Faren Miller reviews J.M. Sidorova

The Age of Ice is the first novel of J.M. Sidorova, a Russian-born woman who moved to the States in 1990 and now works as a research professor of aging and carcinogenesis at a university in Seattle WA. This might sound like a good background for science fiction, but the protagonist of Age owes his vastly extended life (which began in 1740 and shows no signs of stopping) to a mysterious oddity of his nature, somehow triggered by gestation on a glacial wedding bed in an ice palace – a genuine marvel in St. Petersburg, commissioned by the Empress Anna Ioanovna and described at length in a 2006 magazine article, enclosed with Scribner’s PR package.

The main character will spend decades, then centuries, trying to find out why his appearance stalled at about 19 years while others age around him, over the course of a life anchored by events straight out of history (listed in a time line that shows up among the addenda). In what should have been early middle age, he joins a proposed Arctic expedition led by British explorer/scientist Captain Billings – presumably the source for Kiernan’s updated Dr. Billings – to learn more about the properties of ice and cold, to whose ravages he is strangely immune. Still, even as the Age of Reason dawns and comes into full flower, much of the life of this oddball follows a course that seems closer to fantasy and fable, given a wry twist.

The parents recover from their icy disgrace enough for Alexander Velitsyn and his (mundane) twin Andrei to be raised as Princes on an estate in the Russian countryside. When family finances worsen, Andrei manages to assume the mantle of military hero while Alexander just roams. There are some bright moments. Heading toward the Arctic in miserably foul weather, he begins to see his response to plunging temperatures as something more positive, both mystic and erotic:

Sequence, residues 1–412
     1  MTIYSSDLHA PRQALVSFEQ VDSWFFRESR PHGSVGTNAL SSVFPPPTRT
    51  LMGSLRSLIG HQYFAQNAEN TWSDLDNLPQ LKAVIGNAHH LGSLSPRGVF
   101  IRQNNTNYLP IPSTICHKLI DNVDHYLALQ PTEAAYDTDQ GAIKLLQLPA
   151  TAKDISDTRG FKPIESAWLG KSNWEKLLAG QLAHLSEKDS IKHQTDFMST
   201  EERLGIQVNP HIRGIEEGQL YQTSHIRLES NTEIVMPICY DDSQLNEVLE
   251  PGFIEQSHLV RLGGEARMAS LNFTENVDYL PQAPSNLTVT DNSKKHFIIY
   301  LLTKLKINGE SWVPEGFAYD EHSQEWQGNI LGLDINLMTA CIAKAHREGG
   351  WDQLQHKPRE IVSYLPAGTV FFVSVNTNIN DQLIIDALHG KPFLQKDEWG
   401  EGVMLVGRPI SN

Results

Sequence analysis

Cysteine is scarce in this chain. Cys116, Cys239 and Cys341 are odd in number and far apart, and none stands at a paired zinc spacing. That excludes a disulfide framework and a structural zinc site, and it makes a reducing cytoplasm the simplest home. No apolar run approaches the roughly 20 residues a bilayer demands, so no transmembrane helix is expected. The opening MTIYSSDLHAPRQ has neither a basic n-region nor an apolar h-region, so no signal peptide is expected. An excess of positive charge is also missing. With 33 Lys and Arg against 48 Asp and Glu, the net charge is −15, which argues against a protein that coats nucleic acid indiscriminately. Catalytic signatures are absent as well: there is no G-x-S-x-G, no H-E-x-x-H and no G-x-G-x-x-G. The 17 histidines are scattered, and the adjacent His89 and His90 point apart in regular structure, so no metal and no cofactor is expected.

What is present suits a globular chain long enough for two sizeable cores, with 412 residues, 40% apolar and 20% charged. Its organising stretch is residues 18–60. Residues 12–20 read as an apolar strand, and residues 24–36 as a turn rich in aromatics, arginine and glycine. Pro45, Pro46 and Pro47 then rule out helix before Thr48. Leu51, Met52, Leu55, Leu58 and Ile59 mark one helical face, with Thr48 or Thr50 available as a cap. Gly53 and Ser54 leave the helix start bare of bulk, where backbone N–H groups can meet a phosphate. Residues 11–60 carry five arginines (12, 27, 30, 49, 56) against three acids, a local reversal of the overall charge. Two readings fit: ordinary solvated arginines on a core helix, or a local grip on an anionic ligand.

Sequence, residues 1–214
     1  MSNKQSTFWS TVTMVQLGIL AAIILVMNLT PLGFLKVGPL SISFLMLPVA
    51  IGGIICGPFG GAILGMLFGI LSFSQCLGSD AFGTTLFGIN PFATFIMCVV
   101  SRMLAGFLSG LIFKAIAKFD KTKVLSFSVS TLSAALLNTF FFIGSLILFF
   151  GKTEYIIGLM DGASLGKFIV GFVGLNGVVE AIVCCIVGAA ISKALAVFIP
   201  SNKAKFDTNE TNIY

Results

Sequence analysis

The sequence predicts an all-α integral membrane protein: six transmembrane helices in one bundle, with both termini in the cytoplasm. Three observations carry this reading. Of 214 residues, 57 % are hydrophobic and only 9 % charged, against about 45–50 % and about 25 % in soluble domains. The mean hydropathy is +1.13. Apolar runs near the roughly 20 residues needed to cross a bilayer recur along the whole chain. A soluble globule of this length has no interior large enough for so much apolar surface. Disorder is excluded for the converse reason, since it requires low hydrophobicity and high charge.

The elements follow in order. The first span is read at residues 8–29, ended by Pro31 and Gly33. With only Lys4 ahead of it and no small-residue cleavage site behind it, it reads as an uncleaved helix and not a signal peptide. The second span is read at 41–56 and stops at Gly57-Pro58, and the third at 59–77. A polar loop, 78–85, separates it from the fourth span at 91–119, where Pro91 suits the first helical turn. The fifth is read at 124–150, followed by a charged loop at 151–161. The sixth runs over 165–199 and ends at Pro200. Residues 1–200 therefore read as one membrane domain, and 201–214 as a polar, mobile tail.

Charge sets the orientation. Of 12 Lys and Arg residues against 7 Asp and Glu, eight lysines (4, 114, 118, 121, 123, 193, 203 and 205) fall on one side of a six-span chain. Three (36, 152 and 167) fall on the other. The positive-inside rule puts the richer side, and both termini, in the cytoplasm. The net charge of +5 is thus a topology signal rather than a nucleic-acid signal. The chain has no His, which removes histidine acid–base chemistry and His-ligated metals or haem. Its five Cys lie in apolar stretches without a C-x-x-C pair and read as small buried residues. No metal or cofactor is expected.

[A]s all these mercury needles sank into the white flesh of snow and were swallowed and disappeared without a trace, I realized with the last bit of my mind capable of human irony, that in the end no one but I had the temperature point of transfiguration. No one else’s last words but mine were freezing into garlands straight out of his mouth. But the next moment none of it mattered, everything turned into contentment.

Yet his wayward metabolism also messes up Alexander’s life. When he returns to his lady love Anna as an idealistic industrialist, driven to manufacture ‘‘ice as pure as an angel’s tear… extraordinary ice,’’ their moments of physical contact – human to whatever the hell he is – don’t get much easier after he’s linked ice and eros.

There is still a long, long way to go, in a labyrinthine saga that meanders through the Seven Years War, battles with the Ottomans and later with Napoleon’s armies, on to World Wars I and II, then our own century, while he encounters cultural landmarks from Goethe to the English Romantics (including Mary Shelley), from Stravinsky’s startling innovations in classical music to the tumult of the 1968 student uprisings in France… and beyond.

In the wrong hands, with the wrong narrative voice, such a project might become an overly ambitious hodgepodge. But even if The Age of Ice sometimes strains patience or belief with its vast wealth of detail, on the whole Alexander’s sharp observations – and the author’s ability to plunge him into the thick of things, fraught with emotions far more intense than ennui – display a remarkable power. As the world seems to shrink, its borders much closer than they were centuries ago, this man of many lives (prince, slave, industrialist, aesthete, et cetera) sees it clearly from the vantage of strangeness: his endless fascination with the cold.

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